Dan Nichols
[email protected]
Adapted from
2012-2013 SOSI
This event has two parts: Part 1 vehicle testing and Part
2 written test on magnetism concepts
For Part 1: the vehicle(s) and any material needed to
adjust the vehicle must be impounded prior to the start
of competition
Teams may bring their own track or use the supervisor
provided track. Teams may share tracks but must have
different vehicles. Tools and track do not have to be
impounded, but the supervisor needs to check the
track for specifications before use.
Z87+ high impact goggles must be worn by
competitors during set-up and testing.
Students build up to two self-propelled
magnetically-levitated vehicles to move down
a magnetic track.
Main Goal: Consistency
Maximum Voltage of Any Circuit: 9.0 V as
calculated by their labels
Vehicle size restrictions: length between 15
and 20 cm; height < 20 cm, excluding the
dowel; width must fit a standard track (width
of 2 9/16”)
Students run their cars and develop data charts
and graphs of the time it takes for their car(s) to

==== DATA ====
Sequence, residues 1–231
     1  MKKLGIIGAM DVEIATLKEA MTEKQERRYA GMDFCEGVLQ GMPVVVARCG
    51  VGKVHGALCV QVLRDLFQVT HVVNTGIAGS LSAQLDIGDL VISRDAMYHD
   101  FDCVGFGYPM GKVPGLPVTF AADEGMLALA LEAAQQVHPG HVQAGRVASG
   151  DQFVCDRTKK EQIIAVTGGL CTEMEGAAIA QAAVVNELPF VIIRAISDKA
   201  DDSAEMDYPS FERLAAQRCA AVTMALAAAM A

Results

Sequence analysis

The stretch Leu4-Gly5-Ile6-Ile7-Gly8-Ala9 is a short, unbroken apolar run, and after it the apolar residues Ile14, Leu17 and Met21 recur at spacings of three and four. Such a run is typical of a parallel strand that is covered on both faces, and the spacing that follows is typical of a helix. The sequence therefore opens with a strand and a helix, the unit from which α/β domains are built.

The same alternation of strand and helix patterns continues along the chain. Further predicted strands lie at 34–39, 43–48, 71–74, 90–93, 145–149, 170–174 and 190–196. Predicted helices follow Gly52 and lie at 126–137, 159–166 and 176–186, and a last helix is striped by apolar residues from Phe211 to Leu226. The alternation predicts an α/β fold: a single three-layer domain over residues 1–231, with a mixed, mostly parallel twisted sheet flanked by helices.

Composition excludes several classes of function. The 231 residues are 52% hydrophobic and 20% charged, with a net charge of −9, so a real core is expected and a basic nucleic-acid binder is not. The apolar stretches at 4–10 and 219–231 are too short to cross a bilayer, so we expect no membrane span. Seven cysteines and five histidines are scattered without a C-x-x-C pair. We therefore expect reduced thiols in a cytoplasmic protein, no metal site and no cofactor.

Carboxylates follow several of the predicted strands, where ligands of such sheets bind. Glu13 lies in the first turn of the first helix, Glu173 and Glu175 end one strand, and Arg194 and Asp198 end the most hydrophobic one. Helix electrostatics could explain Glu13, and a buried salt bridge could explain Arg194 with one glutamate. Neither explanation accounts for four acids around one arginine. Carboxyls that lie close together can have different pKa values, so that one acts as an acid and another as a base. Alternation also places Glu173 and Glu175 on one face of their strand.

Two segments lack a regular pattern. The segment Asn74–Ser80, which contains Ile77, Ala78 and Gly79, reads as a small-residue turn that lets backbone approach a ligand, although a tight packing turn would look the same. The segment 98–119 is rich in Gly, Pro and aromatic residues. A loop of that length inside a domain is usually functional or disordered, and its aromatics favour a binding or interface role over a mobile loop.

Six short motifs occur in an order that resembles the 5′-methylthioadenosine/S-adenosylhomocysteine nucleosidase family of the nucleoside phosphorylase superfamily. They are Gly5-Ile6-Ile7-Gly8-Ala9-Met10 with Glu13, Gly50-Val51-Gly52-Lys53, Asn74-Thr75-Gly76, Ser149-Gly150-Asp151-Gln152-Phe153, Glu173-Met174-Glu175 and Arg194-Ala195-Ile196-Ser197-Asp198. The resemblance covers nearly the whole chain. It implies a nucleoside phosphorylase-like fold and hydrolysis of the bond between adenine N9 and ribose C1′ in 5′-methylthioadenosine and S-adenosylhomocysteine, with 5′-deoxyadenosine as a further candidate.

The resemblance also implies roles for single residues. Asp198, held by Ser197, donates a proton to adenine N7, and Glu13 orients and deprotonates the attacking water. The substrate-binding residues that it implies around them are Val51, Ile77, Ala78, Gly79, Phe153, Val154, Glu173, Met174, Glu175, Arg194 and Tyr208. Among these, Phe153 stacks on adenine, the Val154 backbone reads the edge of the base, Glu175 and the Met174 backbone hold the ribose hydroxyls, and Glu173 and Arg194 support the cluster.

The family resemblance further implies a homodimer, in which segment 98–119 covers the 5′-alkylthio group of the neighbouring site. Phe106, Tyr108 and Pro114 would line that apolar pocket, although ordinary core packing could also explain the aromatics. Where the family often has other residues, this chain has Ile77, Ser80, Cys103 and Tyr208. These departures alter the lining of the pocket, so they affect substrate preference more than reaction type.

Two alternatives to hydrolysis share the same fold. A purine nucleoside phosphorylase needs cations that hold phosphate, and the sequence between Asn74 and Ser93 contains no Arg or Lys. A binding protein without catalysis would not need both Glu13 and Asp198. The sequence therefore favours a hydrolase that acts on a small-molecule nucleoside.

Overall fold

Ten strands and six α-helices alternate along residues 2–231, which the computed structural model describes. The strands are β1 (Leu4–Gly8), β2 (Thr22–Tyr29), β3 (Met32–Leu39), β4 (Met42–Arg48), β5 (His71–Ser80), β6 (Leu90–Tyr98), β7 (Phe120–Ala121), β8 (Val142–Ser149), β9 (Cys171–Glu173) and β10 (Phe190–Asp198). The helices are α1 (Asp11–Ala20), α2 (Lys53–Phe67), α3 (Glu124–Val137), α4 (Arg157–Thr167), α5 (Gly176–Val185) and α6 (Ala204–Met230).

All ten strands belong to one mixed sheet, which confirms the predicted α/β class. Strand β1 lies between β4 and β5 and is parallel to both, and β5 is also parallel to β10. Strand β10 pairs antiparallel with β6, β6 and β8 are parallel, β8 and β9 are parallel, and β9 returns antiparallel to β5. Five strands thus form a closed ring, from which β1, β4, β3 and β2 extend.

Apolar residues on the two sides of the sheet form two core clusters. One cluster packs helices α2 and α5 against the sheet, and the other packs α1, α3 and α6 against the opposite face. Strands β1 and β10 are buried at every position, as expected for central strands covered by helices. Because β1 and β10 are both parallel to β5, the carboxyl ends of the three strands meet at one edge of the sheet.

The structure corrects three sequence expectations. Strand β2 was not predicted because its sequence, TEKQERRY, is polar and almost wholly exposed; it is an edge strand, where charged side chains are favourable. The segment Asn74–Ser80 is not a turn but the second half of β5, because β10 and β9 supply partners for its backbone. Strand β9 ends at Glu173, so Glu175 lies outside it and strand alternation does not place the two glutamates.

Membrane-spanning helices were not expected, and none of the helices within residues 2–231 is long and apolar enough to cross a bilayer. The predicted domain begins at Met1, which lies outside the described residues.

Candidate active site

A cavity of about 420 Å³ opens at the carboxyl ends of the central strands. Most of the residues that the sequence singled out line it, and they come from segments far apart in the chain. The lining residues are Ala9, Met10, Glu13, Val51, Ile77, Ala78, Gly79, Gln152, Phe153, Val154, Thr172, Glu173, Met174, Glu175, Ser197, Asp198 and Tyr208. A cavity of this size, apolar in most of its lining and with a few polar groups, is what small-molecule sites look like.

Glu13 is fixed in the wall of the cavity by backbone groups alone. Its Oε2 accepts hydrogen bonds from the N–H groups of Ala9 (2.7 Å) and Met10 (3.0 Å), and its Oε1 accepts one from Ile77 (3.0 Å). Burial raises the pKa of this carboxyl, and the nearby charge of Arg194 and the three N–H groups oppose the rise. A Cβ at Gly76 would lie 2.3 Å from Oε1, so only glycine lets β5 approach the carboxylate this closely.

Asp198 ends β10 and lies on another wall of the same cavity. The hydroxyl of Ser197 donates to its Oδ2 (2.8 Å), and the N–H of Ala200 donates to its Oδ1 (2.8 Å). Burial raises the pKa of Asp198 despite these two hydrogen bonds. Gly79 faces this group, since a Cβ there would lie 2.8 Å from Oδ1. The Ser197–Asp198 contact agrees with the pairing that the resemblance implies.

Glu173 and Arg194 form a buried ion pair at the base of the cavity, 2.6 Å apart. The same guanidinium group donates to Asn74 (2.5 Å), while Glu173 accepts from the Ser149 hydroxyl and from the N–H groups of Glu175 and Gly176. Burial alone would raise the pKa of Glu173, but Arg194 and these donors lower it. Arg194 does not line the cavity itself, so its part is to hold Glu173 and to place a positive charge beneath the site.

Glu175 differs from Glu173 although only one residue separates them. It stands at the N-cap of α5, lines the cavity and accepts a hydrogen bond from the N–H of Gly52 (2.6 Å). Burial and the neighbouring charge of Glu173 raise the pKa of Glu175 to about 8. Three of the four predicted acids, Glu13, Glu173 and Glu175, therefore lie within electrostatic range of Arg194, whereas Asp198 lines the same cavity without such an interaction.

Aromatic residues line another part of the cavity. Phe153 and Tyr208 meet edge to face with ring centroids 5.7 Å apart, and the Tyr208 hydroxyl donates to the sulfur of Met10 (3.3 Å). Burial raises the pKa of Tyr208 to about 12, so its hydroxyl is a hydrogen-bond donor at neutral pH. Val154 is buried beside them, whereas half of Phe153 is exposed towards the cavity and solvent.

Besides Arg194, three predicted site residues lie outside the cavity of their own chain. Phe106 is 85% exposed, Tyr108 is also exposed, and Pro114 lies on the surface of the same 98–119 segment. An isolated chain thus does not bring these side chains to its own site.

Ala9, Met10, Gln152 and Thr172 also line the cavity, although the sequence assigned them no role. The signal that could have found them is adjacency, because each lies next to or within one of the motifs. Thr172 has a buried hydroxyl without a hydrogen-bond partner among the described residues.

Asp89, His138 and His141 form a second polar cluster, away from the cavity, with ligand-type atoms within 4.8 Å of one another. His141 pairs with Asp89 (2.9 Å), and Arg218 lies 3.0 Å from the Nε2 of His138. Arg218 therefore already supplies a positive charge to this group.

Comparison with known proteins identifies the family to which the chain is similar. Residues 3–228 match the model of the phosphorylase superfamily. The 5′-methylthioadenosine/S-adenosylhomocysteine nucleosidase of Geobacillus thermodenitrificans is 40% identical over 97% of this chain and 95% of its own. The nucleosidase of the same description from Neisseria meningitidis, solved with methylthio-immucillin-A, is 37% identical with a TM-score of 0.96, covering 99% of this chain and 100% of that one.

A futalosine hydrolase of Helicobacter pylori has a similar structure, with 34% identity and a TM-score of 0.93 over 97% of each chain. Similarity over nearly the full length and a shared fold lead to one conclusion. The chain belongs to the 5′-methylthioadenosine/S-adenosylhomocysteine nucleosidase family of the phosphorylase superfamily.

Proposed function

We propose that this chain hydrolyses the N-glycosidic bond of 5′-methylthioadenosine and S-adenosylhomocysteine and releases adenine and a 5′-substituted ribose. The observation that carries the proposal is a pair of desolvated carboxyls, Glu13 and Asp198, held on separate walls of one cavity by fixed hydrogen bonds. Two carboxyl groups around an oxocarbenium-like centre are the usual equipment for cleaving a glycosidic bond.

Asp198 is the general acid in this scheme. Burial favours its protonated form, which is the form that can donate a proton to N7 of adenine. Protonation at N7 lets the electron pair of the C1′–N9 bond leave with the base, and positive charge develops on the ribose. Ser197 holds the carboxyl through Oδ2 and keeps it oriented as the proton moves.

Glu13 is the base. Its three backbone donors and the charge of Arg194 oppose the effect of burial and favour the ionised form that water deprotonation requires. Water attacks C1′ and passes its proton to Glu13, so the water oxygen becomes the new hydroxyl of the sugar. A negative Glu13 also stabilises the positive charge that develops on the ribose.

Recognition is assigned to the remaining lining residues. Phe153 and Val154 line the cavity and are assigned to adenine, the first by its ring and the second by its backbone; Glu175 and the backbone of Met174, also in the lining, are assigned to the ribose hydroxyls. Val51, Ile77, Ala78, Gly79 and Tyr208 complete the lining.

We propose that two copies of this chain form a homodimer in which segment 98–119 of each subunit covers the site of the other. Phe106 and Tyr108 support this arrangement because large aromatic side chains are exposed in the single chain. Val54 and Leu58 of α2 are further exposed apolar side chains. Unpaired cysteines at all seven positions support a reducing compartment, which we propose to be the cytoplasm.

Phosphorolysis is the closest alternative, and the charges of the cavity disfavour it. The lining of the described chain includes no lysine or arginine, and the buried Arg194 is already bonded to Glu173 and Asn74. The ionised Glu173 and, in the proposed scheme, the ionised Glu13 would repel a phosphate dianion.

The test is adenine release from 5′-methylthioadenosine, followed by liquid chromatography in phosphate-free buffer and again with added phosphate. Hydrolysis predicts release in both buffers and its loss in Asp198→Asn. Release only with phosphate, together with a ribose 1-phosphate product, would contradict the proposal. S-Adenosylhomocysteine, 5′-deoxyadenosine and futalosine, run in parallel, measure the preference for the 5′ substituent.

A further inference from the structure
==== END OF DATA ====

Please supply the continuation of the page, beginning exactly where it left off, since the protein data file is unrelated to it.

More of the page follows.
travel between 50 and 95 cm
This data will be used to help predict a time
score during the competition.
Must be between 15.0 and 20.0 cm long
Must have a height less than 20 cm (excluding dowel)
Mass must be no less than 150.0 g
Car must fit on standard Mag Lev track (see next slide)
No part of the vehicle, other than the propeller, may extend
outside of the vertical planes of the track
No rare earth magnets (can damage magnetic tape in the track)
Car must have a 30 cm long 1/8” dowel vertically attached within
5 cm of its front edge or be able to accommodate the supervisors
Vehicles may have up to 2 propellers and two motors. Motors
must fit specifications in rules.
Car must remain levitated throughout run
Track length must be at least
five feet in length. Longer
tracks are allowed, but only a
five foot section will be used for
Side rail height can be between 2.0 cm
and 5.0 cm.
Teams can bring their own sled and
track and use them, as long as the
supervisor verifies the track dimensions